Luther's Meanderings
© 2011 Luther Tychonievich
Licensed under Creative Commons: CC BY-NC-ND 3.0
main index

Non-understandable belief (2 Aug 2017): Recent advances in automated theorem proving support my first postulate.

Bijecting ℕ and ℝ? (5 Jan 2014): Response to a comment on my post on Cantor diagonalization.

Computers are Poor Students (5 Mar 2013): Why I am bored by “Machine Learning” (and statistics).

Verification Difficulty in Collaboration (15 November 2012): Sometimes it is hard to share research because the results are not readily verified.

Rice's Theorem (31 May 2012): Any interesting, general program analysis is undecidable.

Two-Input Halting Problem (30 May 2012): The quintessential undecidable problem.

Quining (29 May 2012): A step toward undecidability.

The Math Analogy (29 Mar 2012): Nature doesn’t even know about mathematics.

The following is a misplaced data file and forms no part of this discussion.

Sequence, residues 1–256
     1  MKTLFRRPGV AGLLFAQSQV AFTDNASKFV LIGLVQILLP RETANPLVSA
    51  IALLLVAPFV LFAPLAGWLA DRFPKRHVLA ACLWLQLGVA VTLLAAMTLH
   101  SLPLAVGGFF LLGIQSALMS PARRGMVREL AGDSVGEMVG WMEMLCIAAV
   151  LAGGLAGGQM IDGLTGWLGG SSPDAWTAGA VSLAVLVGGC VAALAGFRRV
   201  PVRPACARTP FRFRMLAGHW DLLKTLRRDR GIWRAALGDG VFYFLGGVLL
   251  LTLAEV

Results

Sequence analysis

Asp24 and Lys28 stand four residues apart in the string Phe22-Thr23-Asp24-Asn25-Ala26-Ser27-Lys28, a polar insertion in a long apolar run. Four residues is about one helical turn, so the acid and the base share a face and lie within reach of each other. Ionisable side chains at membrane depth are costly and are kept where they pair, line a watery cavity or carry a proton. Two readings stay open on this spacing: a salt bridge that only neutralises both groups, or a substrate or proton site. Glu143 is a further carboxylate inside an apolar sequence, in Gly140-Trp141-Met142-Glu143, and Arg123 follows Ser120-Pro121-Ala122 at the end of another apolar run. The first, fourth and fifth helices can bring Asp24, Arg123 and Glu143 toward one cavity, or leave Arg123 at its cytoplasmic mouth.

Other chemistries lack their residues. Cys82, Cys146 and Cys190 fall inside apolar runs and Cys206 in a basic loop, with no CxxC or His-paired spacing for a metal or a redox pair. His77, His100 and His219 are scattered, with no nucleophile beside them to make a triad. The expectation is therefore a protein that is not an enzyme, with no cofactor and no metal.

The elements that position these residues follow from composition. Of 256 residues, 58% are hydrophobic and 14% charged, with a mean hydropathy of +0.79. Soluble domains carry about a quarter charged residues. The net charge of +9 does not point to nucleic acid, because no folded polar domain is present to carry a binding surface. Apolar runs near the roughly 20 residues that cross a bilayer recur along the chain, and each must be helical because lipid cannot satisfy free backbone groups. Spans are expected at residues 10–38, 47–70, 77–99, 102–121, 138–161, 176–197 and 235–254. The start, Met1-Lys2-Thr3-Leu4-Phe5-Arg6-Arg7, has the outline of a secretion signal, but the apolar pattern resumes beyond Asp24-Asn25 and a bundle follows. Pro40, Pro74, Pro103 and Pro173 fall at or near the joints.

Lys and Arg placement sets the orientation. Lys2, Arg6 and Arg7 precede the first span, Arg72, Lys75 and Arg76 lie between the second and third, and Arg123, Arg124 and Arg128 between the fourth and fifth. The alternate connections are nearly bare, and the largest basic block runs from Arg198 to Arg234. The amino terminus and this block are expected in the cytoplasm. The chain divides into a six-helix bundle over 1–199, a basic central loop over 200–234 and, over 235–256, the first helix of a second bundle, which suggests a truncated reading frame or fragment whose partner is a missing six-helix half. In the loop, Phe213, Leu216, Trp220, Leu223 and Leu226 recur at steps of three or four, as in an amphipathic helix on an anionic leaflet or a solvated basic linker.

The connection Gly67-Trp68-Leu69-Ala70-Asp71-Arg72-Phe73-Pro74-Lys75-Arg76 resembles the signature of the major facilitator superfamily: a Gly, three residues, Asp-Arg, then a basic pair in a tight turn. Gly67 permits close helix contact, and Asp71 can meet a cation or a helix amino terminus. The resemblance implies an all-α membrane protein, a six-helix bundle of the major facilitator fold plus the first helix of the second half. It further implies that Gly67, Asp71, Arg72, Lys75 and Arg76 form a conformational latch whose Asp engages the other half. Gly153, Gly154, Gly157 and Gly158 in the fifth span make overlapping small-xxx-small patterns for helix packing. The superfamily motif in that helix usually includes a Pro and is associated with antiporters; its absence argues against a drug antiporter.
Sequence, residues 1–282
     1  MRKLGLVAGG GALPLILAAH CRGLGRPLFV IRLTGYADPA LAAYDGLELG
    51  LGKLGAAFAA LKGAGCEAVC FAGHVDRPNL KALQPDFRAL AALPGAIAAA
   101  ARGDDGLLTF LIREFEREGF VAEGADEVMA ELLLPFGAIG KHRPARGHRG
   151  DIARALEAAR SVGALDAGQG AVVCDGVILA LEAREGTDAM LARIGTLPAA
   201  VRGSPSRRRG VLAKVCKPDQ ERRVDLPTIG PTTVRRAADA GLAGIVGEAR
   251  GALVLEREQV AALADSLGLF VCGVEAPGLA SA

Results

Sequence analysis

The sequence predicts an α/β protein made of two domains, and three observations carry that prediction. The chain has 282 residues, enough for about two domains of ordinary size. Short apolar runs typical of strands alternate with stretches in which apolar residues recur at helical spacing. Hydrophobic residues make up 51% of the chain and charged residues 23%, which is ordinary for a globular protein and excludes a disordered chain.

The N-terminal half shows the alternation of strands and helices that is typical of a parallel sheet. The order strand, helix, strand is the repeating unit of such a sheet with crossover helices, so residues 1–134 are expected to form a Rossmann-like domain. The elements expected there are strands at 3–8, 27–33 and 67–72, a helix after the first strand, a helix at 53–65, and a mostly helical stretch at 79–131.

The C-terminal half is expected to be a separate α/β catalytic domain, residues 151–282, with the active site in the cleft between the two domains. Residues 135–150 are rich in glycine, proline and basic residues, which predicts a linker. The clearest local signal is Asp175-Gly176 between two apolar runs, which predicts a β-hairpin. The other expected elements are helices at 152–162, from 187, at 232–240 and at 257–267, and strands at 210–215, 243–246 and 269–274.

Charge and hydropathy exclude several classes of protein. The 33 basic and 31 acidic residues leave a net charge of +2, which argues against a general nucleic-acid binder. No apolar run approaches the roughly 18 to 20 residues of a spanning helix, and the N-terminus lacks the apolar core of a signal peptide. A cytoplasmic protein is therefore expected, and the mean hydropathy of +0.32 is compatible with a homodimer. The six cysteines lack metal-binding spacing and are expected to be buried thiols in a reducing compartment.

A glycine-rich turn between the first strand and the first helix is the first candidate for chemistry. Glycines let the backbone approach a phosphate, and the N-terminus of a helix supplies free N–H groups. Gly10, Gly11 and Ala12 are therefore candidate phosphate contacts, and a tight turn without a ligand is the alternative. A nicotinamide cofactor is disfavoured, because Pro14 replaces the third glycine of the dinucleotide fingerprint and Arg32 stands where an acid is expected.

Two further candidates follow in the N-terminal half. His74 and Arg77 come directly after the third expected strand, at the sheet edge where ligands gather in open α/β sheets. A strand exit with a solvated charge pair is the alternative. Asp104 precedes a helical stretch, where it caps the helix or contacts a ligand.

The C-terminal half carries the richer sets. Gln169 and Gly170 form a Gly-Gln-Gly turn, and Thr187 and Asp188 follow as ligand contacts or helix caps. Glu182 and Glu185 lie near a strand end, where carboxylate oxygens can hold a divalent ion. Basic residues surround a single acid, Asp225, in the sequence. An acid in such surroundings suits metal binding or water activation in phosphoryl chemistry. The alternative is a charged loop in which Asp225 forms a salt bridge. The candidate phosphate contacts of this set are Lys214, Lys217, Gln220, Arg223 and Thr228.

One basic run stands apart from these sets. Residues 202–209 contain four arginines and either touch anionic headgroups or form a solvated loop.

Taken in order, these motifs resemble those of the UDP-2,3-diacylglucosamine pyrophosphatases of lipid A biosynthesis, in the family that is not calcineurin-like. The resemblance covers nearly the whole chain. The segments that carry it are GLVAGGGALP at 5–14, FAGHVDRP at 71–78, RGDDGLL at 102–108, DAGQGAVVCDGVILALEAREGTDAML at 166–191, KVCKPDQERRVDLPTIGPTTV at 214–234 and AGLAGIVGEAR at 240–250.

Sorting Asymptotics (8 Feb 2012): Worst- and best-case runtime for sorting, and why anyone cares.

Polynomial or Not? (31 Jan 2012): Defining “‍tractable‍” or “‍efficient.‍”

Asymptotics (10 Jan 2012): How do you define “‍efficient‍”?

Non-Regular Languages (21 Dec 2011): Some languages aren’t regular.

NFA = Regular Expressions, part 2 (14 Dec 2011): The language of every DFA is described by a regular expression.

NFA = Regular Expressions, part 1 (13 Dec 2011): An equivalence between a class of languages and a class of machines.

Nondeterministic Automata (8 Dec 2011): Of NFAs and the unimportance of regular nondeterminism

Nondeterminism (28 Nov 2011): Doing everything all at once, or magically making the right choices.

Regular Expressions (9 Nov 2011): A notation for describing the languages of Finite Automata.

State Machines (2 Nov 2011): The simplest of information machines.

Irrationality (25 Oct 2011): Some numbers are not fractions.

Cantor Diagonalization (24 Oct 2011): An infinity bigger than infinity

Decision Problems (20 Oct 2011): Yes/no questions are “‍enough‍”.

The Church-Turing Thesis (12 Oct 2011): If it can be done, it can be done by a computer.

Theory: Know the Possible (3 October 2011): In introduction to the notion of formal reasoning and theory.